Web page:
Earning a college degree is challenging, no question. It’s supposed to be, because at the end you receive a certificate that speaks to your deeper understanding of a particular field of study. Getting that degree online doesn’t make the learning part easier, but it does provide certain advantages that make the degree easier to pursue in the first place.
Traditional barriers that have made it difficult for some people to access higher education are starting to fall when it comes to online schooling. And in the end, your degree will be just as valuable as any other – it’s not like they engrave the word “online” onto your diploma.
Here’s why it might be easier than you think to earn your college degree online.
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It has never been unusual for young people to hold a part time job while they attend college, but if you need to hold a full time job or have significant child care responsibilities, it becomes very difficult to commit to a college degree.
One of the great things about online college degrees is that many of them are self-paced. There may be rolling admission dates as well, so that you can both start and finish when you’re ready. Traditional on-campus education requires you to apply, enroll, and attend classes on a strict schedule that might not fit your circumstances.
However, you should still be prepared to commit a significant number of hours to your coursework each week. You can generally choose which hours to spend on your education, but may be required to attend a certain number of live online classes and to work together with classmates on a few group projects.
When it comes to traditional schooling, your choice is greatly impacted by geography. You have to live close to campus or being willing to move there. An online degree, however, can come from a school anywhere in the world with no need to move.
That opens up a world of choices. Online schooling allows you to pick the best program for your educational goals, regardless of where you live. You can choose the most advantageous financial aid package, course list, or whatever matters most to you – and do it from the comfort of your own home.
Of course, you don’t have to study at home. With online schooling, you can also choose the environment that feels most conducive to your style of learning.
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One of the challenges of online education is that you have limited access to your professor and fellow students. You may not always be in a live classroom situation where questions can be asked in the moment. More often, you’ll be doing independent reading and viewing pre-recorded lectures.
But that doesn’t mean that you are without support. Your professors still maintain office hours and can be reached with questions. You may even be able to reach out to your classmates to discuss material presented in lectures.
Most programs provide an advisor to help online students navigate their course selection, just as they do in the traditional setting. You’ll also be able to speak with a librarian and financial advisor as needed. Granted, the communication will be via phone, email, or video chat, but support is available whenever you need guidance.
College is expensive, but online education offers many opportunities to learn for less. For starters, know that you can apply for need-based or performance-based scholarships and financial aid just as you would if you attended school in person. You might also find that your degree is cheaper if you choose an in-state school, even though you won’t be attending classes on campus.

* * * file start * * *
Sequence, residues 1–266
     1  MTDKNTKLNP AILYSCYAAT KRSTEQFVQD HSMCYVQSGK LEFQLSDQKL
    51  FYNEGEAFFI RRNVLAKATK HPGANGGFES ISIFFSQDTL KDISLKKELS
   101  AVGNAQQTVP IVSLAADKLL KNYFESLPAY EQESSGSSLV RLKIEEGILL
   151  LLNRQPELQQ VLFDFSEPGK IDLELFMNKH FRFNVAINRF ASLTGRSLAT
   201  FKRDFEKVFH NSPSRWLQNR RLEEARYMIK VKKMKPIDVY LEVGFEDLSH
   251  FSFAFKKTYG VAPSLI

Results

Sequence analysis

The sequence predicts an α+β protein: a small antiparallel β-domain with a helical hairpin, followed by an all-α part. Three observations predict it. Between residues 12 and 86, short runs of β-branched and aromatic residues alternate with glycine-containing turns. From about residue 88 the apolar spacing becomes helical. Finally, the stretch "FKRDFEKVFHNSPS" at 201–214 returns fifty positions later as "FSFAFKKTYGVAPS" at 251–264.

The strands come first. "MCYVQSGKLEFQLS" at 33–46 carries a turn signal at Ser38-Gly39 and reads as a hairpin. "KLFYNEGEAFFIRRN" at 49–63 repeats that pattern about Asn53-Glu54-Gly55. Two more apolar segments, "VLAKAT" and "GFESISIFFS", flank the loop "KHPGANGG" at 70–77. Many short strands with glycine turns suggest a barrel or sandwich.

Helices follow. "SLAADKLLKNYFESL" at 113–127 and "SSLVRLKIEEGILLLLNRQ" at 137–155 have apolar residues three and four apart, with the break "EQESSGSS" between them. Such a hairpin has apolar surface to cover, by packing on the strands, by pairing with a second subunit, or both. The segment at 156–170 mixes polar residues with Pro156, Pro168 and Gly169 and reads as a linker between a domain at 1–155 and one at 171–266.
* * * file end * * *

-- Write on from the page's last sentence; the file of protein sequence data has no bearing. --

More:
However, many online programs are more affordable in general. Some charge only for the tests you need to take in order to earn your degree, not for the instruction. Colleges that are online-only are less costly because they don’t have to cover all of the expenses related to buying and maintaining land and buildings.
Skipping out on the cost of campus housing and food represents a huge savings, as well. It might allow you to stretch a little for that brand-name college. Just remember that cost and value aren’t necessarily connected when you pick your school.
The value of a degree for employers is often tied more to name recognition than anything you learned during your course of study. Of course, you need to have the knowledge to perform the job well, but knowledge alone won’t get you hired if your degree came from a school that’s hard to research and doesn’t hold appropriate certifications.
It is true that some online colleges do not hold themselves to high standards, which means that a degree earned there is less valuable. However, as digital technology has expanded, plenty of high end brand name colleges have begun offering online degrees. You can now become a graduate of top tier schools without ever setting foot on campus.
But even if you don’t choose one of the biggest names out there, your online degree is still considered as valuable as one earned on campus as long as you choose a school that is properly accredited. This can be tricky because there are many different accrediting agencies throughout the country, and only some of them are legitimate. Just take a little time before applying for an online course to make sure that the accrediting body is itself accredited by the Council on Higher Education Accreditation (CHEA) or the U.S. Department of Education.
Education is an endeavor that’s always worthwhile because it helps you grow both professionally and personally. However, the promise of a college degree falls short when students are plunged into debt that takes decades to dispatch or when they simply cannot find the time to devote to higher education. Thankfully, there are choices in online education that can save students a ton of money, work with their busy schedules, and ultimately deliver a top notch degree.
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